Emerging Trends | Policy/ Regulatory Reform | Regulation
May 15, 2013

Building bridges to access the future

By Paul Conneally

The World Telecommunication Policy Forum #WTPF is now well underway and delegates are already making great progress in endorsing the draft Opinions. At the time of writing Opinions three and four are already approved, well ahead of the allotted time, and proceedings are being conducted in what was described by one avid #WTPF twitter follower @CarolineGreer “a spirit of consensus and compromise”.

Perhaps taking a cue from the visual design around the World Telecommunication Policy Forum, the motif of building bridges and moving forward together was a constant and consistent message as delegations provided their opening statements and preliminary comments to the Secretary General’s report. The report is compiled with the support of the Informal Experts Group – made up of ITU members and non-members alike across all sectors including civil society – and is the main input document to the conference.

During the opening statements the UK delegate expected “discussions this week relating to fostering an enabling environment for greater broadband connectivity, to underscore the ITU’s pivotal role, firstly, in developing the infrastructure that will ensure the benefits of the global information economy are fully realized by all states; and secondly in fostering competitive, well-regulated telecommunications markets.”

India stated that “supports participation of all stakeholders in the global internet governance” noting that “factors of governance such as standardization, high level policy formulation and management of critical resources, require various levels of expertise and therefore, stakeholders need to play specific roles in accordance to their expertise, ability and mandates.”

Canada’s view was that “the Report of the Secretary-General, as well as the positive outcome of the Strategic Dialogue, will provide all participants with greater understanding and appreciation of the issues associated with the theme of this year’s Policy Forum [International Internet-related public policy matters].”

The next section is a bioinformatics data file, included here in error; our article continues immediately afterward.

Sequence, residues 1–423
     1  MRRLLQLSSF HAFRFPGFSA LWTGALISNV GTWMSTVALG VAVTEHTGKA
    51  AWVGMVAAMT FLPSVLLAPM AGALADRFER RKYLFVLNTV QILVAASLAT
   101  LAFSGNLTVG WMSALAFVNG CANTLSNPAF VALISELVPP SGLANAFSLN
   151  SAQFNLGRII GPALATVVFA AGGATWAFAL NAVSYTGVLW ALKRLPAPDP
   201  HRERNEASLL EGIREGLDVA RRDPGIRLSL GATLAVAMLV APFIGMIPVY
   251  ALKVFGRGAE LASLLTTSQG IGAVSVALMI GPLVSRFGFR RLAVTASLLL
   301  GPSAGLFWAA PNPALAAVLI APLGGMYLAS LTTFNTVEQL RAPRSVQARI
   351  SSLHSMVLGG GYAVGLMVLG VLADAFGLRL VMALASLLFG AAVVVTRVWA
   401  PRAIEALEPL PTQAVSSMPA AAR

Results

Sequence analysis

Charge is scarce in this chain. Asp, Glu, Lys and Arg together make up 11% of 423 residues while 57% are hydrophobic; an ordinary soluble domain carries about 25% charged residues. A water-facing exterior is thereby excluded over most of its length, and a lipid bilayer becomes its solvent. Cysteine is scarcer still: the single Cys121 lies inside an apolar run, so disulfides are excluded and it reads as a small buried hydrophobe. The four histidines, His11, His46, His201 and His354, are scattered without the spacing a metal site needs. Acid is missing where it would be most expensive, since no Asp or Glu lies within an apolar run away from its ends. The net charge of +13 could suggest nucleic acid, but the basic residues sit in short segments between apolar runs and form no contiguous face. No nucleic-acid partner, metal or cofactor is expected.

Several delegations recalled the recent deliberations at the treaty-making World Conference on International Telecommunication held last December in Dubai and felt that the time is now ripe to take stock and work together to achieve real digital inclusion and greater access to the internet.

Singapore noted that in the discussions on Internet-related policies in the run-up to, during and after WCIT-12 “there were concerns about the inclusion of Resolution 3, which seeks to foster an enabling environment for the greater growth of the Internet”. The delegate continued to say that “In Singapore’s assessment, the reference to the Internet was practical and relevant in the present operating environment. Indeed, the Internet infrastructure today is crucial to telecommunications, whether national or international. It is a critical development in reshaping the traditional modes of international telecommunications and the services that are delivered. It would thus be unrealistic to totally exclude mention of the Internet from discussions at a technical platform such as WCIT-12. In our opinion, this Resolution does not purport a move away from the multistakeholder model. We believe it serves to encourage all stakeholders to continue.”

Reinforcing the post-WCIT spirit of collaboration the European Commission delegation stated that it “believes that the better resourced countries should offer some sort of technical assistance vehicle to countries with fewer resources, a mechanism to digest information and make it [outcomes of WTPF] useable. The European Commission is willing to play a very active role in achieving this objective” – and the ITU will of course stand ready to work with all its partners and stakeholders to accelerate progress in “accessing the future”.

In its deliberations to plenary the US delegation echoed what many had noted, and commended the fact that “the Opinions attached to the Secretary General’s report were prepared with input from a broad range of stakeholders because the IEG was open to all those who wished to participate”. The US delegation went on to say that it fully endorsed the work of the IEG “and the carefully crafted opinions before us” and in doing so “believe that all participants will leave this forum enriched by the discussions and better equipped to achieve our shared goal of an Internet that flourishes and provides the economic growth and social welfare we all deserve”.

All statements to the Opening Plenary of the WTPF-13 are available online. In addition you can view videos from the forum on the ITU’s YouTube channel where this is a specific WTPF Playlist. On Twitter please join the conversation on the #WTPF hashtag and a selection of social media content is being curated on the ITU Storify page.

By Paul Conneally

@conneally is Head of Communications and Partnership Promotion Division at the ITU.

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